Wednesday, June 02, 2010

Life Expectancy in the U.S. vs. Real GDP per Capita

Does it seem like there might possibly be a statistically significant relationship between: a) life expectancy in the U.S. and b) annual real GDP per capita between 1929 and 2007?


At 6/02/2010 6:30 PM, Blogger Paul Banbury said...

If you look at the work of Hans Rosling, you see his work in statistical analysis makes the same point for China and India. There does seem to be a link.

At 6/02/2010 9:20 PM, Anonymous Lyle said...

This starts with the increased expenditure on sanitation and medicine over this period, including essentially universal indoor plumbing, and clean water. One could run the graph back to 1870 (to avoid effects of the US civil war) and get the same trends. It also has worked world wide thru the introduction of antibotics as well as vaccines against various aliments. As you have more money to spend you can spend more on medicine and sanitation.

At 6/03/2010 12:24 AM, Blogger Charles Platt said...

We're in trouble if this alleged relationship continues to hold, because there has been no progress at all in increasing *maximum* lifespan. Therefore the *average* life expectancy must eventually level off, approaching maximum lifespan asymptotically. I certainly hope real GDP per capita does not behave the same way.

Of course there is a chance that maximum life expectancy may be increased eventually, but not real soon.

At 6/03/2010 2:58 AM, Blogger Tim Worstall said...

Yes, of course: but what's interesting is the causation, not just the correlation.

A bit of a flier, but a goodly part of per capita increase in GDP is TFP...which in turn is driven by technological advance.

And a goodly part of increasing life spans is driven by technological advance.

As I say, this is a bit of a flier, not a claim to have discovered the truth. But it is at least possible that what we're seeing is not a direct relationship between lifespan and wealth, but that both are raised by technological advance.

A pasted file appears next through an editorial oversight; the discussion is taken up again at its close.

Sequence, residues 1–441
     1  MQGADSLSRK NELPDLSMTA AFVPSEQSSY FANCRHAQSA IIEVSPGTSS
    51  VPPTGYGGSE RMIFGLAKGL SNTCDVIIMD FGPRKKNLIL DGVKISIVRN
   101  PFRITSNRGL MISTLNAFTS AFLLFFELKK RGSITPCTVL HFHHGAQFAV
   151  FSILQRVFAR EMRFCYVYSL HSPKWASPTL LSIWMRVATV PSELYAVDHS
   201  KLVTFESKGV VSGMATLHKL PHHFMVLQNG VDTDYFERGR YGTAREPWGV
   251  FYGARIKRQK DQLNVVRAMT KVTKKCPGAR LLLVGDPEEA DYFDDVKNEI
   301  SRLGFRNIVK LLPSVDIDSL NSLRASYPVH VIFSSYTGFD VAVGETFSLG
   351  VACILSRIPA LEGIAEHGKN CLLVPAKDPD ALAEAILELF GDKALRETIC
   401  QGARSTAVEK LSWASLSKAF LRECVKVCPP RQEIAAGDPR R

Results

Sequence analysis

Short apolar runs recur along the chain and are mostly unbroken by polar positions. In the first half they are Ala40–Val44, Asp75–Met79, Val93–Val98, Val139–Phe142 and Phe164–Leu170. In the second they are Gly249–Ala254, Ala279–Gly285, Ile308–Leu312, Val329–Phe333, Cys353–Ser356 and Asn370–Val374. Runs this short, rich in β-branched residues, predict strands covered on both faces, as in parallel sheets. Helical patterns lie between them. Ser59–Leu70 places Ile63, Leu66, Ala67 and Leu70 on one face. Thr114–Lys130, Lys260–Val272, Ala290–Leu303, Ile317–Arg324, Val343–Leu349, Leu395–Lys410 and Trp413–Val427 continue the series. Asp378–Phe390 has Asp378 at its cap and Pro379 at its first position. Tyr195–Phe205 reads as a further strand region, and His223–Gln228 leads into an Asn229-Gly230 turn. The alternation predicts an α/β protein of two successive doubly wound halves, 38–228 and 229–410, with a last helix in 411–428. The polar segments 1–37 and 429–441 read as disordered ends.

At 6/03/2010 4:58 AM, Blogger Jet Beagle said...

This comment has been removed by the author.

At 6/03/2010 5:01 AM, Blogger Jet Beagle said...


I agree that some of the improvement in life expectancy is directly caused by technological advances. But that seems too simple an answer to me. Technological advancement raised the productivity of labor which produced food, clothing, and shelter. This freed up labor to be employed in tasks which directly raised life expectancy - particularly in the medical field. As I see it:

TFP => +GDP/capita => +life expectancy

At 6/03/2010 10:16 AM, Anonymous Anonymous said...

I suspect a spurious correlation in the Granger-Newbold sense. But it's interesting, for sure.

At 6/03/2010 11:12 AM, Anonymous morganovich said...

i doubt it's spurious.

access to good food and shelter is important to health. so is access to health care.

health care spending grows more rapidly than income once you reach a certain point of wealth. rich people have more to spend on health, so they do.

that would imply that there's nothing spurious about this correlation.

i would bet you that life expectancy in nations that suffer prolonged declines in GDP decline.

look at africa.

At 6/03/2010 11:14 AM, Blogger bix1951 said...

white female life expectancy only went from 78.1 to 80 years from 1980 to 2000, a 2.5 % increase

black male, same period went from 63.8 to 68.2 a 7% increase

At 6/03/2010 11:21 AM, Blogger bix1951 said...

and how much did per capita income go up from 1980 to 2000?


At 6/03/2010 12:22 PM, Anonymous doubleBubble doubleDip said...

statistically significant relationship between: a) life expectancy in the U.S. and b) annual real GDP per capita

Does this mean that each of us should insure longer life by working more at accumulation of net worth? Does it mean that money provides protection against premature death? Or does it simply point out that longer life span is essential to the enhancement of the interest compounding effect on accumulation of wealth?

Conversely, does it point to the fact that generating smaller families makes couples both wealthier and healthier?

Does a country's perceived wealth attract foreign surgeons who are addicted to both unnecessary surgery and secondary fees for the re-operation of botched procedures? Do these extraneous surgeries provide the money for a kickback to the immigration officials who legalize the entire scam?

U B Judge

At 6/07/2010 6:39 AM, Blogger Dr Nikan Firoozye said...

I'm sorry, I do think that it is worthwhile to note relationships between income/gdp per capita and life expectancy, but from an empirical p.o.v., this is really a terribly bad way to present this sort of relationship.

Just to point out the fallacy of this (graphical) observation, should we not expect to raise our incomes significantly unless we live past 100 years? Or will our gdp be stalled? What if you took a developing economy (which yes, does have lower gdp per capita and lower life expectancy), can you merely extrapolate? I doubt it.

Any relationship between two clearly trending variables needs further work. It's too easy to use this sort of result to come to misleading results. (I know, I work in a sell-side bank! I've seen plenty of bad research in my time). You should be looking at cointegration first and foremost.

That being said, I do agree with the spirit of the argument.


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